Many people want to know how to get stronger. Most people know that more muscle mass leads to greater strength, but many don’t realize that getting bigger is not the only way to get stronger. To understand how to get stronger, we need to be aware of how strength gains are made. There are two ways to accomplish this:
Muscle hypertrophy is what most people are familiar with. It’s the increase in the size of your muscle. This happens during anaerobic exercise (resistance/strength training), and to a lesser extent (or none at all) with aerobic exercise (running, walking, endurance exercise, or other low intensity training).
When we lift weights or do other high-intensity exercise, we cause micro-trauma in our muscle cells. This break down of our muscles causes our body to rebuild the muscle bigger and stronger in an effort to cope with the increased stimulus. While increased muscle size does not automatically equate to increases in strength, there is a definite correlation between the size of the muscle fibers and the forces they can generate.
How to Get Stronger Through Muscular Hypertrophy
Muscle hypertrophy can be achieved in many ways. Some of these include:
- Progressive Overload – Continually adding resistance to your exercise. Usually this comes in the form of adding weight to the bar each workout. An extra 5lbs of resistance with the same exercise as last time stimulates the body to create more muscle mass.
- Increased Repetitions – If you can’t add weight, you should be trying for at least an extra rep or two. Just an extra rep with the same weight as your last workout is enough to stimulate hypertrophy.
- Increased Working Load – This usually means adding an extra set to your routine. It can also mean the total tonnage that you moved during that workout. For example, if you used 100 pounds for 3 sets of 10, you moved 3,000lbs (100 * 3 * 10). Increasing your total working load will create muscular hypertrophy.
Whatever method(s) you use, just make sure you are continually progressing in the gym.
Motor Neuron Recruitment
The other way to get stronger is through greater motor neuron recruitment – basically learning how to use your muscles. Think about when you learned how to write, or you learned how to walk. More likely than not, you already had the muscle mass necessary to accomplish these things, you just needed to train your muscles to work together to do them.
Take for example the squat. The squat is a near total body exercise. If you’ve never squatted before, it might feel awkward the first time you do it. Your balance might be off, or you might not be able to use the amount of weight you thought you could.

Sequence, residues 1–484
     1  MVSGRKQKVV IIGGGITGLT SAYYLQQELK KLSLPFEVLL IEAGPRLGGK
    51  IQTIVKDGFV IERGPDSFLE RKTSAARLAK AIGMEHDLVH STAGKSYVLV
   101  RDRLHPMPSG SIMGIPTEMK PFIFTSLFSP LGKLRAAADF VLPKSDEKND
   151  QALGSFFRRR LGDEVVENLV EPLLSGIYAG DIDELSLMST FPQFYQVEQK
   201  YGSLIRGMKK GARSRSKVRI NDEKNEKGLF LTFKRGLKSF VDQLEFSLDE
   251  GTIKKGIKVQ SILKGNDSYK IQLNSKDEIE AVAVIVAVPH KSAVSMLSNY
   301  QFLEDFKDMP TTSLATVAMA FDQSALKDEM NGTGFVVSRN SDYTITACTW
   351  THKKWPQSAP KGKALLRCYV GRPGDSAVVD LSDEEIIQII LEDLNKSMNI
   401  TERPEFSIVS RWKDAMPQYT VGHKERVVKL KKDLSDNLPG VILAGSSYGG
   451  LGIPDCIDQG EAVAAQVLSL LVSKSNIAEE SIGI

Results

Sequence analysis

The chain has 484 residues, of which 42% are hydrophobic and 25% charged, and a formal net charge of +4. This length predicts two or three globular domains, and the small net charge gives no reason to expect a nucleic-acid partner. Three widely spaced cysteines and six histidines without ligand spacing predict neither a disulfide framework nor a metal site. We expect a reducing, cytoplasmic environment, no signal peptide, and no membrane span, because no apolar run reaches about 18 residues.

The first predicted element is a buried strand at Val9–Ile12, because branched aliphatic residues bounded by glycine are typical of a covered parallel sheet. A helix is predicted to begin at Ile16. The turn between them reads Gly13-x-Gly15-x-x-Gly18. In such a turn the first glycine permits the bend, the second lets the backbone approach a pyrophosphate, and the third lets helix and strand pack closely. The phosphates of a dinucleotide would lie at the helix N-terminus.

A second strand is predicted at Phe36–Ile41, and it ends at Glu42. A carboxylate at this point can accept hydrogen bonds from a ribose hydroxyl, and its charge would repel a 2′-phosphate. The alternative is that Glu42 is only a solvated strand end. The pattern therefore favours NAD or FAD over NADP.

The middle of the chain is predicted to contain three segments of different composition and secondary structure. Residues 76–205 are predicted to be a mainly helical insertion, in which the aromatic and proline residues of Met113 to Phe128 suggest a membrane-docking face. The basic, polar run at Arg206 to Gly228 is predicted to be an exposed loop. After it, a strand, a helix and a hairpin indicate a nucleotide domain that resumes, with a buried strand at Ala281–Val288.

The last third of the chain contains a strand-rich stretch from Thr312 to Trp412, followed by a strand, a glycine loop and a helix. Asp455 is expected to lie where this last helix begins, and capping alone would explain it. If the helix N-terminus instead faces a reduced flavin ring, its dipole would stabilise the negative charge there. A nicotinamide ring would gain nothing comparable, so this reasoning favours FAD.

However, each successive workout that you squat, things get easier. Sure, you probably put on some muscle, but a lot of the strength gains came from better motor neuron recruitment. The motor neurons of your central nervous system (CNS) learn to work together and fire off in a more synched manner so that all of your muscles are working together as one.
This motor neuron recruitment is the reason why people can continue to get stronger without getting any bigger. Take for example a powerlifter who needs to continually get stronger, but needs to stay under a certain weight. He can continue training his CNS to get stronger without a corresponding increase in muscle mass.
How to Get Stronger Through Better Motor Neuron Recruitment
While you can learn to recruit more motor neurons simply by “doing”, the greatest effects come from lifting heavy loads. As more muscle fibers are needed to lift heavy weights, more motor neurons are needed to get them to contract. Lifting weights in the 1-5 rep range tends to recruit the most motor neurons.
I’m a big fan of starting out my workouts with heavy loads – many times working up to a 1-rep or 3-rep max. After that, I drop down my weights and do a typical 3-55 sets of 5 repetitions doing a similar movement. This process effectively activates maximum motor neurons under max loads and then helps me to make greater strength gains when I drop the weights down and increase reps. The weights seem lighter because I just finished training my muscles and neurons to work together under maximal loads.
Getting stronger is a function of both muscular hypertrophy (bigger muscles) and better motor neuron recruitment (learning to use your muscles). Strength gains can lead to muscle gains, and muscle gains can lead to strength gains. Strength and muscle are two independent goals to train for. You should incorporate them both in your fitness routine. Once you do, you will create a synergistic effect that can take your training to the next level.